decisions

Have I Got a Deal for You!

Another update from the Jungle….

Cyndi has settled in well to her new role as a manager at her company. Her friendly attitude is helping her build solid client relationships. But Tom, the candidate who lost out when Cyndi was promoted, is nursing his sense of injustice.

Tom believes he was the victim of reverse discrimination. He thinks the company promoted Cyndi because they were scared by a former employee’s gender discrimination lawsuit. Initially, he sulked and nursed his wounded ego. But he’s not stupid; he knows that sulking won’t help him. So he does what any reasonably intelligent schemer does. He dreams up a diabolically clever plan to get even.

First, he taps his network within the company to find out where there might soon be an opening for a manager. He learns that Stuart is retiring from his managerial slot as head of internal procurement. It’s an important job within the company but a graveyard for career aspirations. No procurement manager has ever received a promotion to the C-suite.

Tom begins maneuvering to have Cyndi promoted to Stuart’s soon-to-be-vacated job. Tom persuades a friend to encourage Cyndi to apply for Stuart’s job.  He also anonymously encourages the HR manager to believe that Cyndi wants Stuart’s job.  As a result, Cyndi is subjected to nudges, winks, and “discreet” inquiries about her interest in replacing Stuart.

Cyndi is flattered by all the attention. It’s nice to be wanted. She knows that if she takes the job, she will be the head of an entire department and get a slight bump in pay.  But Cyndi isn’t stupid either.

She knows she’s got a management job on the production (i.e., revenue producing) side of the business. Procurement is a cost center and not a revenue producer for the company.  She knows that production-side managers are more likely to get promoted.

What should Cyndi do next?

  1. She can apply for Stuart’s job so that she becomes the head of a department and gets the bump in pay; but accept that she’ll probably never get another promotion.
  2. She can recognize the Machiavellian plot to derail her career and start a counter campaign to get Tom promoted to the procurement job.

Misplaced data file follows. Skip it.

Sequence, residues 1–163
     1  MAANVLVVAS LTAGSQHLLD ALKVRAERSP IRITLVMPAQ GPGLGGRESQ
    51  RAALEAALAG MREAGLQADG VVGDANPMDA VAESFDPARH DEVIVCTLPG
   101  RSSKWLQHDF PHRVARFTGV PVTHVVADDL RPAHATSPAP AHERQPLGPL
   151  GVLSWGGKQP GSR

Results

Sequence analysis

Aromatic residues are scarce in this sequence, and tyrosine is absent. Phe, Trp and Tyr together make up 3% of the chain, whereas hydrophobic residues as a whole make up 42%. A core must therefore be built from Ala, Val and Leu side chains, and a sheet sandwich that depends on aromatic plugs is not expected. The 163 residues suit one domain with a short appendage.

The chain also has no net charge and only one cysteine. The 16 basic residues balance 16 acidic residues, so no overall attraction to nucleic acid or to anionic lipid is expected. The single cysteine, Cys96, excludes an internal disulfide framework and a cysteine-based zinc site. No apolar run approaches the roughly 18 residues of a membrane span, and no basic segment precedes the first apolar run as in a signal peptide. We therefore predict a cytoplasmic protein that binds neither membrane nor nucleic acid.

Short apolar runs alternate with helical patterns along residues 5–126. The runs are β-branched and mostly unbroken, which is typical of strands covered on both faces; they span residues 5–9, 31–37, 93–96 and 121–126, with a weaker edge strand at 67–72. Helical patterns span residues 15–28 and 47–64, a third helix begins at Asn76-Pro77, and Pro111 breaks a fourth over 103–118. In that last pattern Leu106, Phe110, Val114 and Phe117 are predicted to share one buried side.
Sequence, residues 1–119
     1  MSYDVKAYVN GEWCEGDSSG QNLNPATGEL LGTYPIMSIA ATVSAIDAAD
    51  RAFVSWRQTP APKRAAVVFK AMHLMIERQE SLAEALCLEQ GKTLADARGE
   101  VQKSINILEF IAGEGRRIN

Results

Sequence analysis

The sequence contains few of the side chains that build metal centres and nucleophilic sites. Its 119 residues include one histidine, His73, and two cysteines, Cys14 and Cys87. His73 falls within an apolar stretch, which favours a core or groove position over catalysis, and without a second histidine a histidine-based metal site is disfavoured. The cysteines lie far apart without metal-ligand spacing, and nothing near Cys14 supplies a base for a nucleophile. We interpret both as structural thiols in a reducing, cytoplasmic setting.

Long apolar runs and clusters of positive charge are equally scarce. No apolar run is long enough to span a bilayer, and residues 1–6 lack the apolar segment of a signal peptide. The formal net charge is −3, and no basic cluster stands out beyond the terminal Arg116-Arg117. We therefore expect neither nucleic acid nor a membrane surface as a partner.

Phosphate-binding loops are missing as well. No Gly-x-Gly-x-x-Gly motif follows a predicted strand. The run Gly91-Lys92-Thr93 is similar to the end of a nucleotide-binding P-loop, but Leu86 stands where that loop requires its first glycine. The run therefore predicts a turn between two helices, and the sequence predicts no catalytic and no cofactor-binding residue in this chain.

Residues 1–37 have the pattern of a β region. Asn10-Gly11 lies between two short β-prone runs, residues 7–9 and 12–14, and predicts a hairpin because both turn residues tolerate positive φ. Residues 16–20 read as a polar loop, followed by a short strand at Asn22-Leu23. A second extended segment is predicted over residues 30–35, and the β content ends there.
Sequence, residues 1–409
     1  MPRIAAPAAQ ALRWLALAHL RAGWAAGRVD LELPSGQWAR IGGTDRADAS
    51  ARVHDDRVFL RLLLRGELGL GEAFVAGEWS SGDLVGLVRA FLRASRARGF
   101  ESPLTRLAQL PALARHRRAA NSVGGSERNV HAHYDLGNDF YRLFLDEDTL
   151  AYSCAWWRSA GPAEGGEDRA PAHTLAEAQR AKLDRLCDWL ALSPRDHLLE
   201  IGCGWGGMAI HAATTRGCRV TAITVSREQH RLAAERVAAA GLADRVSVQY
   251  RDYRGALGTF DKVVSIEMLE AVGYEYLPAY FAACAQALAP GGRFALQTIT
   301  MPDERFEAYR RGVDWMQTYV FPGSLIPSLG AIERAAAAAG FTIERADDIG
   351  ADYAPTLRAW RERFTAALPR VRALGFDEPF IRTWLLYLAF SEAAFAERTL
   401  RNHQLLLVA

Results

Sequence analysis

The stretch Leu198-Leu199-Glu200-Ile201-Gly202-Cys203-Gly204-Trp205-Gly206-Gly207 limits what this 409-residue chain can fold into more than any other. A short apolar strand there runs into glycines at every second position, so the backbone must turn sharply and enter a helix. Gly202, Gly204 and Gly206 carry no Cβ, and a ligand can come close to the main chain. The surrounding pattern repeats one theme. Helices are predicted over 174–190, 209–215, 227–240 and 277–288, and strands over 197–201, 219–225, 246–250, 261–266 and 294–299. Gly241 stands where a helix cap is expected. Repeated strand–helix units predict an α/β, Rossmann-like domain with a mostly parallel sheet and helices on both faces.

3. She can hang on to her current managerial post and work toward a C-suite promotion.

Office politics are a feature of every company. For some, it’s a game that alleviates the boredom of their jobs while others see politicking as war with winners and losers. To limit the politicking, it helps to have clear HR policies that are fairly applied to all employees.

If your company is struggling with HR issues, Corporate Compliance Risk Advisor can help you create HR policies that are appropriate for your company’s size and then serve as a resource to your staff as the policies are implemented.

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Want to Know What I Think?

Another update from the Jungle….

Cyndi is the newest manager at her company. How she got promoted is still a hotly disputed topic. She worked for the company for ten years, taking on progressively more difficult assignments. She paid for management training classes out of her own pocket and thinks she’s earned her promotion.

Tom, the other candidate, and his supporters are convinced that she got the promotion due to an excess of political correctness by the senior management team. They believe the senior management team was scared after the company was sued by former employee Alicia.

Alicia sued after being passed over for promotion for the third time. She alleged that Ron, the CEO, and other male senior managers judged female employees based on “feminine” appearance rather than competence. Alicia wore little makeup and preferred pants suits to dresses.

Without admitting fault, the company quickly settled with Alicia and proudly announced a new diversity and inclusion initiative. Cyndi is the first person promoted to manager after the D&I program is implemented.

Cyndi shows up for her first managers meeting prepared to contribute after all her years of preparation. She walks into the conference room and sees that the chairs are taken at the table. She drags up a chair and politely asks two colleagues to move to allow her to sit at the table. They stare at her blankly for interrupting their conversation.

After a moment, Cyndi deftly shoves an elbow into the side of one manager and whacks her chair leg into the shins of the other one. As they recoil, she pushes her chair into the cleared space at the table and sits down. She smiles graciously at her colleagues and thanks them for moving.

The meeting is about a new marketing campaign to increase sales to women. Cyndi listens in silence for several minutes, awaiting her chance to contribute. Ron solicits opinions from everyone except Cyndi.

Cyndi looks around the table and considers her options.

  1. She can sit quietly and say nothing since she’s new to the group.
  2. She can go home and cry into a glass of red wine because she was ignored.
  3. She can look Ron in the eye and say, “I’m sure it’s an oversight but I haven’t been asked what I think of the new campaign”, and then give her opinion.

The above scenario may seem familiar to many employees.  Diversity and inclusion programs enhance employee retention and attract new employees; but only when properly implemented and with a clearly stated goal of deepening the talent pool.

If your company is struggling with HR issues, Corporate Compliance Risk Advisor can help you create HR policies that are appropriate for your company’s size and then serve as a resource to your staff as the policies are implemented.

Ebook Link

Join the HR Compliance Jungle today. Click here!

Follow us on Facebook & Twitter!

Visit our website!